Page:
f. Pyramid of Cestius. ROME. IH- Southern Quarters. 329
The Protestant Cemetery (PI. Ili, 18) is open from 7 a.m.
till dusk (ring; custodian, who has the key of the older cemetery
also, 20-30 e). The older burying-ground, adjoining the Pyramid
of Cestius, is now disused. In 1825 the present burial-ground was
set apart for this purpose. It is a retired spot, rising gently towards
the city-wall, affording pleasing views, and shaded by lofty cypresses,
where numerous English, American, German, Russian, and other
visitors to Rome are interred. The Chapel, in the Romanesque
style by A. Holzinger, was erected at the W. end in 1896-98.
Of the Old Cemetery Shelley wrote that 'it might make one in love
with death, to think that one should be buried in so sweet a place'. Close
to the entrance and seen from the outer edge of the moat surrounding
the cemetery, is the tomb of John Keats (d. 1821), bearing the melancholy
inscription : 'Here lies one whose name was writ in water'. Beside the
grave of Keats is that of his friend Joseph Severn (d. 1879). Behind
rests John Bell (d. 1820), writer on surgery and anatomy. J. A. Carstens
(d. 1798), the painter, is also buried here.
Amongst many illustrious names in the New Cemetery the eye will
fall with interest upon that of the poet Shelley (d. 1822), 'cor cordium',
whose ashes were buried here (near the upper, or eastern, wall) ; the pre¬
sent tomb, by Onslow Ford, was erected in 1891. Shelley's remains were
burned in the bay of Spezia, where they were washed ashore ; his heart,
the only part not consumed by the names, is now at Boscombe in
England. Adjoining Shelley is the grave of Trelawny (d. 1881). On the
opposite side of the walk lies J. A. Symonds (d. 1893), and below, in the
next walk, Constance Fenimore Woolson (d. 1894). The graves of
R. M. Ballantyne (d. 1894), the author, of William and Mary Howitt
(d. 1879 and 1888), and of John Gibson (d. 1866), the sculptor, and several
other artists may also be recognized. August Goethe (d. 1830), son of
the poet, is also interred here.
The *Pyramid of Cestius (PI. Ili, 18), originally on the Via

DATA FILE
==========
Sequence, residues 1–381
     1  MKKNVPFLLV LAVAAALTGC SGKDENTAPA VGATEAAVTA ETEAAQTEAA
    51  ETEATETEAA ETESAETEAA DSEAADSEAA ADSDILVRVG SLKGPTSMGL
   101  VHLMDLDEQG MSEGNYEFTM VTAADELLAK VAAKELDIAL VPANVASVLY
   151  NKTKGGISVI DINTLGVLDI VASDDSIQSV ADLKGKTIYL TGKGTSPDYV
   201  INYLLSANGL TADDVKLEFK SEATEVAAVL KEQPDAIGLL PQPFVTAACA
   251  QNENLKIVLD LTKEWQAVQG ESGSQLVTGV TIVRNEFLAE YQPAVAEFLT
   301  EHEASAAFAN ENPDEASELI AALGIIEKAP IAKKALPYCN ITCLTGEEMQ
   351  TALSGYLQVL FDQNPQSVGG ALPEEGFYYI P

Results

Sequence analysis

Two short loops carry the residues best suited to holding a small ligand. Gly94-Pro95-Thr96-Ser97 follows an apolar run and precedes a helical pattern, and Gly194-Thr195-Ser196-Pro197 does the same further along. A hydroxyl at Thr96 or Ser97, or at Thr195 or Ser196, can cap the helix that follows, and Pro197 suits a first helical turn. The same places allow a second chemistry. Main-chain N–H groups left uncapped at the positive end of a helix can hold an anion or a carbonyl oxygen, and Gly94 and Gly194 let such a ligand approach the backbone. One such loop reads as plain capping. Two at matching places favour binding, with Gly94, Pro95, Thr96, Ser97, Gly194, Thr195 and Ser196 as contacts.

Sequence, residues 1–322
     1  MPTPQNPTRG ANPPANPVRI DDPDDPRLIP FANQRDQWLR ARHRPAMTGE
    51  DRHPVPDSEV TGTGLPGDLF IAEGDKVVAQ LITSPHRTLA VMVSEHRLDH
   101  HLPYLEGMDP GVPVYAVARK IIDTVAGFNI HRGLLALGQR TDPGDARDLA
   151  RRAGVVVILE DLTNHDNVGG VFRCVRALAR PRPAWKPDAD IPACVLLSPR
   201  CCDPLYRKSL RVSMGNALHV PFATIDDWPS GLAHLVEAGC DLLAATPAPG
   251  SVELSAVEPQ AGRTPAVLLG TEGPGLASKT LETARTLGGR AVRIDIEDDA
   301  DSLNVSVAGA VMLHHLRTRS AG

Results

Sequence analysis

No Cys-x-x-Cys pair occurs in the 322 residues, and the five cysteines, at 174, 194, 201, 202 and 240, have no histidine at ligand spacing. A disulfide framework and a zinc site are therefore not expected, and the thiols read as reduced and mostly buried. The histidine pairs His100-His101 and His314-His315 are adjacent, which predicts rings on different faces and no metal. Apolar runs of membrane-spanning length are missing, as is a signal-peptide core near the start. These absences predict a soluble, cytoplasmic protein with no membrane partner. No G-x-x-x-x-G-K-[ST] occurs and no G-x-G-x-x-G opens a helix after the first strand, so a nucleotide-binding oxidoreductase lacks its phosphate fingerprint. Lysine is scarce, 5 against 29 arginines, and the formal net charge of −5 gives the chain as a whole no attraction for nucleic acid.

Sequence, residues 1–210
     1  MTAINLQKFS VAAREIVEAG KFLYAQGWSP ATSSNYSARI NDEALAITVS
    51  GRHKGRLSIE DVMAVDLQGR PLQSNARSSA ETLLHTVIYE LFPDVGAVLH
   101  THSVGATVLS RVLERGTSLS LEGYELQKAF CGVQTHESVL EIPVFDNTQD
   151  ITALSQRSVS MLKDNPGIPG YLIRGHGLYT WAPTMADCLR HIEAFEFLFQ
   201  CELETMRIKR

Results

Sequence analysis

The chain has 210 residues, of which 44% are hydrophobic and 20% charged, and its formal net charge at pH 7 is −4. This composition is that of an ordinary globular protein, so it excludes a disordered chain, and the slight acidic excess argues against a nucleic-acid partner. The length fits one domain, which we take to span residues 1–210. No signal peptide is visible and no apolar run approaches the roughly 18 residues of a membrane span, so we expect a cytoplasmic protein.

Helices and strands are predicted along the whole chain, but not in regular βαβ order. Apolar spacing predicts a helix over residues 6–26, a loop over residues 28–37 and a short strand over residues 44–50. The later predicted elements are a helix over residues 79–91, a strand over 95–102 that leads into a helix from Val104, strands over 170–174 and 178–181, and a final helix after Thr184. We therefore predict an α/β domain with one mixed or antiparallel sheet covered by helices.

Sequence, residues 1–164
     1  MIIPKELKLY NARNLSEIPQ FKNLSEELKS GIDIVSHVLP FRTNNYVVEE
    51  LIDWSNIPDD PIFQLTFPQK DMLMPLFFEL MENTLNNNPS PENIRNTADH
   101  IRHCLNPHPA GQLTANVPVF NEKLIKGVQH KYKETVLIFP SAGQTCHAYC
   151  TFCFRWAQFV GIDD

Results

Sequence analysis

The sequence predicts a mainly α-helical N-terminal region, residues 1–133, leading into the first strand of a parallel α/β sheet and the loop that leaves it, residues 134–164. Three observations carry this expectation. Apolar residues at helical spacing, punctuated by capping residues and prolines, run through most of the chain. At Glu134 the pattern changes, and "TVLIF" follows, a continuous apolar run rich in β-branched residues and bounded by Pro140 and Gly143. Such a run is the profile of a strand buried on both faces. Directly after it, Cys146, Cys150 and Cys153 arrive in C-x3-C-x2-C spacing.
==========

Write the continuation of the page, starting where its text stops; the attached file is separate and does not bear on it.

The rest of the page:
Ostiensis, but enclosed by Aurelian within the city-wall, is the tomb
of Caius Cestius Epulo, who died before 12 B.C. The Egyptian
pyramidal form was not unfrequently adopted by the Romans in their
tombs. That of Cestius is formed of concrete and covered with
marble slabs; height 116 ft., length of each side at the base 98 ft.
According to the principal inscription on the E. and W. sides ('C.
Cestius L. f. Poh. Epulo. pr. tr. pi. VII. vir epulonum'), the deceased,
son of Lucius, a member of the Tribus Poblilia, was prsetor, tribune of
the people, and member of the college of Septemviri Epulones, or priests
who superintended the solemn sacrificial banquets. The inscription on
the E. side below records that the monument was erected in 330 days
under the supervision of L. Pontius Mela and the freedman Pothus. — In
the middle ages the pyramid passed for the tomb of Remus. Alexander VII.
caused the deeply imbedded monument to be extricated in 1660, and
ordered the formation of the present entrance to the vault (19 ft. long,
13 ft. wide, and 16 ft. high), which was originally accessible by ladders only.
The Porta San Paolo (PI. Ili, 18), immediately to the E. of
the Pyramid of Cestius, is the ancient Porta Ostiensis. — Hence
to San Paolo Fuori, see p. 445 ; tramway, No. 5 in the Appendix.
The Via di Porta San Paolo, diverging to the N.E. from the
Via della Marmorata just inside the gate, reaches in 5 min. (left)
a fragment of the old Servian Wall (PI. Ili, 20; p. xxx), about